Iranian press review: Sir Lankan migrants trapped in Tehran
Sir Lankan migrants trapped in Tehran
A group of Sri Lankan migrants are stranded in Iran after they failed to cross the Iran-Turkey border and human smugglers took their passports and money.
Iran is a common route for refugees and migrants from Afghanistan and Pakistan attempting to reach Europe, but this is the first time that Sir Lankan migrants en route to Europe became stuck in Iran.
The Hamshahri daily reported that the Sri Lankans were victims of a scam in their home country, where a fake migration organisation vowed to find jobs in Europe for the group.
The group arrived in Iran with a visa and then transferred to the Iran-Turkey border, where they were forced to cross the border illegally - which they refused to do.
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A Sri Lankan national, who spoke with the daily, said the traffickers beat them up and took all their money and passports, leaving them in the middle of the mountains between Iran and Turkey.
Finally, the group returned to Tehran, but as they had no money to buy their return tickets and pay the fines for overstaying in Iran, they were trapped.
According to Hamshahri, the Sri Lankan embassy in Tehran could not help the group return to their home country due to the economic crisis in their country.
The daily added the Sri Lankans stayed in Iran for more than a month without giving the exact date of their entrance to the country or the number of people stranded in Iran.
Pressure on theatre artists
The ISNA news agency investigated the situation of theatre artists and the censorship Ebrahim Raisi’s administration has imposed on them during recent months.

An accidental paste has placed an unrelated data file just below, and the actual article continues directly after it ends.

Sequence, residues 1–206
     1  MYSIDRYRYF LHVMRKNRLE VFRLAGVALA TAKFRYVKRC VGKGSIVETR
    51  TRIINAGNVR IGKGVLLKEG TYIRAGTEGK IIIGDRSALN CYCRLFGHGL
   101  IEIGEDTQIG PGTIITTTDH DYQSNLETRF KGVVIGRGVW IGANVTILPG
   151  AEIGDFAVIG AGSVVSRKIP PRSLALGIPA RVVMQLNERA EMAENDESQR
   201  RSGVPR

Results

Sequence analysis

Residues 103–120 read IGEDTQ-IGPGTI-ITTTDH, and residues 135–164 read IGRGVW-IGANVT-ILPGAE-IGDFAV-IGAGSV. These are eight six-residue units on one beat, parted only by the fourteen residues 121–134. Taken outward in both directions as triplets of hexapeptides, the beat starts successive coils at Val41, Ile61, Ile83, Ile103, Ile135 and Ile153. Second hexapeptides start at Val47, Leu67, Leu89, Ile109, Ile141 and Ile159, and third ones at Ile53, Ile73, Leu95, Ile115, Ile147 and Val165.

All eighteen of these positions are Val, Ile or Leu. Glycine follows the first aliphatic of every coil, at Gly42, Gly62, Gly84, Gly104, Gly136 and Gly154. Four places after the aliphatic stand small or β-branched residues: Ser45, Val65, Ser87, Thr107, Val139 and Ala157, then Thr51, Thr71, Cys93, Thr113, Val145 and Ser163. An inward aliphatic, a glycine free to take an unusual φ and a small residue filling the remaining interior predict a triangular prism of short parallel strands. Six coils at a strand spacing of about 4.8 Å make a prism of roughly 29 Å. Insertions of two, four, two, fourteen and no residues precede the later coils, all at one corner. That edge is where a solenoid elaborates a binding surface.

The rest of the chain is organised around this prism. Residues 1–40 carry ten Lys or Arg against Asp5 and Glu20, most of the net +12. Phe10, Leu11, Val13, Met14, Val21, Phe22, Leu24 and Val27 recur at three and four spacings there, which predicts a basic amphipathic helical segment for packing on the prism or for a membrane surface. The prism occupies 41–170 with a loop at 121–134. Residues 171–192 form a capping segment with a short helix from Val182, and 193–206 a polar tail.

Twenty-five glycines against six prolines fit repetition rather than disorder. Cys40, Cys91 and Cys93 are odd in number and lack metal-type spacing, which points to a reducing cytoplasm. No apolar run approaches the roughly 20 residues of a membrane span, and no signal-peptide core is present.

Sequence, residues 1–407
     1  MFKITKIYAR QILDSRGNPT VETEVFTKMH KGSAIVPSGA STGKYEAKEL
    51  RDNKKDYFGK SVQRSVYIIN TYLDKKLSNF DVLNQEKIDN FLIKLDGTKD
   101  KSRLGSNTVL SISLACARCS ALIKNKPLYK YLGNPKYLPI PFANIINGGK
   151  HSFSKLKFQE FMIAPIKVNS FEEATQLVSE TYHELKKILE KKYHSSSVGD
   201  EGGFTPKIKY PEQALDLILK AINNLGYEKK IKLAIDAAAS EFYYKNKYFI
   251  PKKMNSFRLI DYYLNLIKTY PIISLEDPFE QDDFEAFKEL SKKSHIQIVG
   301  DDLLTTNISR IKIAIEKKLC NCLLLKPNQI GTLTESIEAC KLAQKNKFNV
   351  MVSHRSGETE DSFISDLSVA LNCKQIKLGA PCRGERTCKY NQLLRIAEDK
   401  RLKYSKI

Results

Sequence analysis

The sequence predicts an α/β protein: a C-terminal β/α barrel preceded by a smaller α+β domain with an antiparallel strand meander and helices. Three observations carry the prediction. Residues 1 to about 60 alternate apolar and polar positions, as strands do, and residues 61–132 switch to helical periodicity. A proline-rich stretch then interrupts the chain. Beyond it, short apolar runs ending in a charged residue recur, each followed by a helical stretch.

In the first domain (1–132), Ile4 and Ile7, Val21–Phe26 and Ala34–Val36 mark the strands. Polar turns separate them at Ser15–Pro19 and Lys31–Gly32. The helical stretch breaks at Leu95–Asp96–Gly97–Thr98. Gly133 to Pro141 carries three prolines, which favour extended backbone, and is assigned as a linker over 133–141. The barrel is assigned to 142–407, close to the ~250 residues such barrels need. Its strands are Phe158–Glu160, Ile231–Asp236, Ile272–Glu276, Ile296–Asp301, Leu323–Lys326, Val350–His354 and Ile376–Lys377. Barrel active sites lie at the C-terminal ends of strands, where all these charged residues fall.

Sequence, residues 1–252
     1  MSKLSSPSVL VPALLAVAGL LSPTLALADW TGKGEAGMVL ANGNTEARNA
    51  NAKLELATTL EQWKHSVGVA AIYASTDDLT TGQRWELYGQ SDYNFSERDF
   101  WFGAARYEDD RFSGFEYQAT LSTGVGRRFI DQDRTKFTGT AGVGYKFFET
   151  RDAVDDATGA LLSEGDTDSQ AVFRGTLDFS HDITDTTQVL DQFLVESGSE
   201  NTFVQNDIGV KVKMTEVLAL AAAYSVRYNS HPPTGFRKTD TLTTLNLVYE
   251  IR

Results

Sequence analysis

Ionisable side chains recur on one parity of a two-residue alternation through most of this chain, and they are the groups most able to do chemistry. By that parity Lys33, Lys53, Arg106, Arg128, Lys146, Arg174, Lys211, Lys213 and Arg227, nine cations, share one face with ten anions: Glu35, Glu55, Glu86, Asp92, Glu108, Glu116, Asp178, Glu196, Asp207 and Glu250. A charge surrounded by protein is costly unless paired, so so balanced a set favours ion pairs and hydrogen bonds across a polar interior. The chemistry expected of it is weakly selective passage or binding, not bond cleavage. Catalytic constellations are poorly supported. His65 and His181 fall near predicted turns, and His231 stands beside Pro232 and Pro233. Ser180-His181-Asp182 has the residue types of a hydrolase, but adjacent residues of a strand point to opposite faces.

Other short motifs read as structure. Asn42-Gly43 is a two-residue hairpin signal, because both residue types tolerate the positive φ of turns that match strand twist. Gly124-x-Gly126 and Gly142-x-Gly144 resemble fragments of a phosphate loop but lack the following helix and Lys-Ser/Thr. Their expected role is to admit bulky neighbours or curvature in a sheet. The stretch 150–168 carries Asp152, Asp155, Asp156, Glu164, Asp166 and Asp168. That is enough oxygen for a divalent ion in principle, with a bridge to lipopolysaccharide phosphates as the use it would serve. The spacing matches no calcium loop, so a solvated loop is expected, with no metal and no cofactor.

Since April, six plays have been banned by the Iranian government, wrote the news agency.
According to ISNA, the responsible offices in Iran’s culture ministry did not give any explanation for the bans. However, some of the plays received new permissions after the artists agreed to make changes in their work.
Khooninzar was one of these plays that had nine rounds of “revision”, a term used by Iran’s culture ministry instead of censorship.
This solo play was about a young girl moving from a small city to the capital Tehran in search of a new life and the hardship she encountered.
Another case was Papa Anton Daughters, which was banned due to the short video the theatre group made in Tehran’s main cemetery, Behesht-e Zahra, to advertise the play.
Behesht-e Zahra filed a complaint against the play, accusing the group of “desecration of Islamic values” and recording video in the cemetery without permission.
Dangers of new nuclear deal for ordinary Iranians
A prominent reformist political analyst and writer has warned about three potential outcomes of a new nuclear deal between Iran and world powers that could negatively impact ordinary people in Iran.
In an opinion piece for the Etemad daily, Ahmad Zeidabadi warned that Iran’s gains from a new deal would be short-lived if the authorities do not shape a strategy for the deal’s benefits.
'These [conservative] forces might begin new adventures in other countries to create tensions in Iran’s foreign relations'
- Ahmad Zeidabadi, Etemad
The outspoken analyst - who was imprisoned for six years after the 2009 anti-government protests - warned that the conservatives and Islamic Revolutionary Guards Corp, who oppose any agreement with the West, would be the first forces attempting to neutralise the new deal.
“These forces might begin new adventures in other countries to create tensions in Iran’s foreign relations,” wrote Zeidabadi.
Zeidabadi wrote that the authorities’ access to frozen funds in other countries and increased income from oil and gas exports could also cause other problems for ordinary people.
“The other danger is that the government halt reforms in Iran’s economic structure and shower money on society to reduce the pressure from the opponents of economic reforms,” he explained.
He added that the last danger would occur if the authorities used all the new sources of money to tighten their grip on Iranian society.
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